JEFFERSON PARISH, LA (WVUE) - This year will rank as the worst for police officers killed in the line of duty in recent years.
With only a few days left, national crime stats show 64 officers were killed by gunfire in 2016, a 68 percent increase from last year. Two of the officers included were mistakenly killed by fellow officers' gunfire.
"We're talking about issues around the core issue. We're not looking at ourselves in the mirror and being honest. We're focused on whats and not whys," Jefferson Parish Sheriff Newell Normand said.
Normand lost one of his deputies, Detective David Michele, in June. The death spotlights the reality law enforcement officers face every day. The sheriff believes community relations, a lack of respect for authority and overall violence are the biggest issues that can often lead to the death of officers.
"We're killing people over relationships. We're stealing people's property. We're committing crimes that are degrading our communities and our quality of life day in and day out, then we ask why we have all this conflict. It doesn't make sense to me. It's mystifying," Normand said.
"I think it is a wake-up call, and I think that the public, the neighborhood groups and citizen activist groups need to stay active, but they need to stay well-informed and understand what's going on," Loyola criminologist George Capowich said.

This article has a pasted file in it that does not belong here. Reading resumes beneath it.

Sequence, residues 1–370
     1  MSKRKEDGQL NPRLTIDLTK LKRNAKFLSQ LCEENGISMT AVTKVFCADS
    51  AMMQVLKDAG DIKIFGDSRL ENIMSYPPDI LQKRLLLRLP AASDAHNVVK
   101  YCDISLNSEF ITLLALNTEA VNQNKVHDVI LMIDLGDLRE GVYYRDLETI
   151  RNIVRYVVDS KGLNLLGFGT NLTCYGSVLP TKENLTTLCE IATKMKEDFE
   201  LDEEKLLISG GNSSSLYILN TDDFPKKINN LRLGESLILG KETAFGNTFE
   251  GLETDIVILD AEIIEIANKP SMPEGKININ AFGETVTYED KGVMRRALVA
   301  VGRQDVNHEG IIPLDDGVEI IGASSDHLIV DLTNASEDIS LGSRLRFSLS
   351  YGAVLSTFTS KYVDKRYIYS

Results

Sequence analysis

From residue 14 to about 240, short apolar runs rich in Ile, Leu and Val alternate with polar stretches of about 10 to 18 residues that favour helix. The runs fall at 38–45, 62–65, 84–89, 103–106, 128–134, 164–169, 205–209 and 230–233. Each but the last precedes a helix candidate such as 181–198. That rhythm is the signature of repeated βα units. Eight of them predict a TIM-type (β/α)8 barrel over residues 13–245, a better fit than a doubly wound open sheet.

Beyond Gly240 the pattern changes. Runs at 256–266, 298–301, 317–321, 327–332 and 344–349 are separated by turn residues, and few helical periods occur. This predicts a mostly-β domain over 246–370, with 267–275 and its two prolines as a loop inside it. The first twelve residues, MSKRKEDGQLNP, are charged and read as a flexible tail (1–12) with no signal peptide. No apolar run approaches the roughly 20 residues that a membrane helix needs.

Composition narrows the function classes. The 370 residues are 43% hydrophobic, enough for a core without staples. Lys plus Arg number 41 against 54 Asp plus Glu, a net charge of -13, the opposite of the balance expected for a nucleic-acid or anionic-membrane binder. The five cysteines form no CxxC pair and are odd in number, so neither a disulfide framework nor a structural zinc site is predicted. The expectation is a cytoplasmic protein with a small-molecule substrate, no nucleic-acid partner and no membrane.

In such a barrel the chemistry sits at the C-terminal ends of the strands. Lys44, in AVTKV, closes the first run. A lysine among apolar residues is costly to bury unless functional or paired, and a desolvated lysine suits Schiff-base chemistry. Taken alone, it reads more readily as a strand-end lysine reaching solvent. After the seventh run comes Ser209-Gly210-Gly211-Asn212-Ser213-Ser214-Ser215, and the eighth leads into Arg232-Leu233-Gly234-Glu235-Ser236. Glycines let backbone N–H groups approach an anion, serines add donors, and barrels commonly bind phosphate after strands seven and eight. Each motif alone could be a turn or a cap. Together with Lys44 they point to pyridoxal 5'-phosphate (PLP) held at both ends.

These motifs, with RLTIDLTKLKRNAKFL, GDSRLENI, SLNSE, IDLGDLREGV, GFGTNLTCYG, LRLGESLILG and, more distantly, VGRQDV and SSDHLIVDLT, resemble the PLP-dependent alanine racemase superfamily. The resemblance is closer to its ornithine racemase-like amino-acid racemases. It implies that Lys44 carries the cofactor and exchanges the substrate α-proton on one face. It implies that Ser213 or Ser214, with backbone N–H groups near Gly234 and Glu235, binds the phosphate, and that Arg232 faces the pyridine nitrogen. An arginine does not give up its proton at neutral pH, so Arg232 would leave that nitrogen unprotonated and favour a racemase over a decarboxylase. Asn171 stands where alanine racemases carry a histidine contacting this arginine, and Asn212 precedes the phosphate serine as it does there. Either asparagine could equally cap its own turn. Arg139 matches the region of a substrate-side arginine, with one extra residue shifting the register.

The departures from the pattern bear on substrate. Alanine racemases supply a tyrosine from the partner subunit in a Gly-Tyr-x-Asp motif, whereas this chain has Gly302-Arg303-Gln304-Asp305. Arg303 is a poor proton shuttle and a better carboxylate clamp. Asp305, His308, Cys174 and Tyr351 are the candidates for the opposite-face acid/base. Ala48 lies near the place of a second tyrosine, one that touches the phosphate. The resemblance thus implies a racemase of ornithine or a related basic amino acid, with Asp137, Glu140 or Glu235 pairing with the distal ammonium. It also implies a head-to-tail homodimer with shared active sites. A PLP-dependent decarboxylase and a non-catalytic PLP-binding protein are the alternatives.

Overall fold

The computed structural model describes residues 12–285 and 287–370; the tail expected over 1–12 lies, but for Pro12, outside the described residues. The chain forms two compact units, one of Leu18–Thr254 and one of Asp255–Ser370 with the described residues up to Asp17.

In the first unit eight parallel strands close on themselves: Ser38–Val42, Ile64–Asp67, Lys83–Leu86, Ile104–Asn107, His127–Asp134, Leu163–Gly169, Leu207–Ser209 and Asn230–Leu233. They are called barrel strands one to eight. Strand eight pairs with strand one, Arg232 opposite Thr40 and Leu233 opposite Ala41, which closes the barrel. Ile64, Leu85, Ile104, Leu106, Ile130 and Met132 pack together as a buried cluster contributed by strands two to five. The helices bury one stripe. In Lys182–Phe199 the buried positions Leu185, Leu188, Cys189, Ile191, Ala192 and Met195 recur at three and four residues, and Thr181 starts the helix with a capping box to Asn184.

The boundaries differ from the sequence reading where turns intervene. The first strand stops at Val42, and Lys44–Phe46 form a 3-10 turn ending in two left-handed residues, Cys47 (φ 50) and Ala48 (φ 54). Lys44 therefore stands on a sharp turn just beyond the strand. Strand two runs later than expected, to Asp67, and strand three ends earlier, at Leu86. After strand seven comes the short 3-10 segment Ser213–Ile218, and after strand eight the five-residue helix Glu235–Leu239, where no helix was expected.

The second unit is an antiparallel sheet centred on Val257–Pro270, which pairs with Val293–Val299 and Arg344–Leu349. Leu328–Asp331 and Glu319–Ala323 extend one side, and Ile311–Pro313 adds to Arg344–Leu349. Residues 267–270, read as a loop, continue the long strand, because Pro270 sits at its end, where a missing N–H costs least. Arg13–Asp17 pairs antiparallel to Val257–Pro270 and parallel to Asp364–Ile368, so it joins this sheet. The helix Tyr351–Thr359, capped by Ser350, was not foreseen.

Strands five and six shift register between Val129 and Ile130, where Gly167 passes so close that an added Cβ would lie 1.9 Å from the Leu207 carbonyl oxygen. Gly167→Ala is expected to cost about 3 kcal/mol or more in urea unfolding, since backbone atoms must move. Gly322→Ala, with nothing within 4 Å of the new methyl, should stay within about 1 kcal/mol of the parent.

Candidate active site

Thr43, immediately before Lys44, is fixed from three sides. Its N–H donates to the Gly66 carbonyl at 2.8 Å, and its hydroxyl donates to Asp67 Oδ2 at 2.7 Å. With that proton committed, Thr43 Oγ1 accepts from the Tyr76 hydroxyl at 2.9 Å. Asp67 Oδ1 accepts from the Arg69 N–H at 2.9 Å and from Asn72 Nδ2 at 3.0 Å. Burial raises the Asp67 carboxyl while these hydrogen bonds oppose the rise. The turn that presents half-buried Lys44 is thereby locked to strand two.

Capowich points out that while there is an increase in law enforcement deaths in 2016, statistics show the number of incidents has decreased when looked at over the long term. To fix the current problem, broken community relationships between law enforcement and the public are under repair across the country.
"When you see that being done, then you can see fewer of these incidents. But as long as there is anti-police sentiment, you're going to continue to see incidents where people are targeting police because they're under the perception that police are targeting civilians, which is not really the narrative," New Orleans Police Superintendent Michael Harrison said.
Although 2016 saw an increase in officer deaths, the number of civilians killed by police decreased nationally by 70 cases, and when law enforcement find themselves on either end of violence, that often leads to changes to keep it from happening again.
"Is there a sense of uncomfortableness? Yes, very much so," Normand said. "You really don't want to go through it again, but I think everyone recognizes there is value in that."
Louisiana ranks third, with a total of nine officers killed this year behind Texas and California. The total number of officers killed this year, 139, is up 16 percent from last year, and is the highest number since 2011, when 171 officers died in the line of duty.